2.3.2 The ANC as a broad movement would lead the first stage of the revolution. How the second stage would be played out was never discussed in detail. It could be led by the SACP, by an ANC that becomes a socialist organisation, or by a new organisation created for this purpose. Once the Apartheid state had been defeated, the capitalist system would still be in place, and it would take a second stage of revolutionary action to replace it with Socialism. In this perspective, we saw the ANC leading the first stage of the revolution, whose main content was the liberation of blacks in general and the African majority in particular.

      2.3.3 For most socialists and communists, it was implied that the SACP would then lead the second stage, or like what happened elsewhere in the Third World, the ANC would be transformed into a Marxist-Leninist party of the working class. Throughout the struggle against apartheid, this theory has been quite helpful in achieving both a focus and the division of labour within the alliance.

      2.3.4 It has always been unclear as to when the second stage will start and what form of working class organisation should lead this stage. This leads us to question the extent to which this "two stage" thesis is still helpful. How is this approach still helpful in assisting us to build socialism in our life time? The ANC, whose stated policies are of a Socialist character (the Freedom Charter is still a very radical vision), is in Government and has control of the state. To a certain extent the ANC government is exercising that power in the interests of the people. It can theoretically ensure that this is exercised in the interests of the working class in particular. We also believe that the concept of "state power" needs to be thoroughly unpacked. There are Marxists like Gramsci, who have contributed a lot in unpacking how "power" is exercised in a capitalist state - through coercion and consent. When we say socialism is the future build it now, we are breaking the theoretical wall between the struggle to consolidate the NDR and that of building socialism. We believe the only way to take democracy to its logical conclusion is by building socialism in our country. Socialism is therefore not another distant stage. The SACP shares this perspective which is captured in the slogan Socialism is the Future, Build it Now !. The key issue is how to ensure that this becomes the general view of the Alliance. Central to this is resolving the issue of which organisation leads the Alliance and in which class’s interests.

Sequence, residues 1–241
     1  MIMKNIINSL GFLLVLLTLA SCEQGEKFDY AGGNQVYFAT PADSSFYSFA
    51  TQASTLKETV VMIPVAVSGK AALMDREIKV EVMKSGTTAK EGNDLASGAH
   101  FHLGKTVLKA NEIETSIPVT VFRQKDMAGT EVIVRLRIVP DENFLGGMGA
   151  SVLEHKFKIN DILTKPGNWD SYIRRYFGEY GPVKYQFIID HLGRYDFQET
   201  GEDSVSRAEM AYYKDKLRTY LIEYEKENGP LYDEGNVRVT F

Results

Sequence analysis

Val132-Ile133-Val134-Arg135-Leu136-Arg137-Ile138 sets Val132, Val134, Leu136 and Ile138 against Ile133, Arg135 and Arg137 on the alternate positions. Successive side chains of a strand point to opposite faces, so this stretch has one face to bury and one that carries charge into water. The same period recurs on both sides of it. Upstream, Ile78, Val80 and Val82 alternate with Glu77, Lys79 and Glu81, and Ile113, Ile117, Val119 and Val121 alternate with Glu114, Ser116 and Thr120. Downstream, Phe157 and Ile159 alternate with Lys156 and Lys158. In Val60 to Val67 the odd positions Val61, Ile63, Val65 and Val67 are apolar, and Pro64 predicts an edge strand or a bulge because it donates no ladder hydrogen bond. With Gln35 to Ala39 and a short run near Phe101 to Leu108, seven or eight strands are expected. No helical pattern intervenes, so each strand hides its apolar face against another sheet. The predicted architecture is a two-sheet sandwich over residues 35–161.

•  

        There was the assumption of power by the Working Class.

        The unification of the Soviet Socialist Republics was achieved.

        The Soviet Union promoted self determination.

        There were huge advances in education, health and culture.

        There was a transformation of the state into one that was controlled by and for the workers (we can argue about how long that lasted, but the early decades were exciting and dramatic advances for workers that had never previously occurred)

        Democratic processes were inadequate, including the lack of a strong, independent trade union movement.

        A ruling strata developed that was no longer, at a certain stage, working class. There was a return to the "old order".

        The people wanted more diversity and choice, and this was not delivered.

        Rights and freedoms that many would regard as essential, were denied.

        The ruling elite became corrupted by their excessive powers.

        There was the beginnings of a form of Socialist imperialism.

    • 2.4.1 There has been a lot said about the Soviet Union and the Socialism of Eastern Europe. We do not believe that the Soviet Union is a model we would want to follow. We believe firmly in developing our own vision of Socialism, based on our own experience of struggle in the particular conditions that we are facing. Having said that , there are good and bad aspects of previous attempts at achieving Socialism which are useful to record.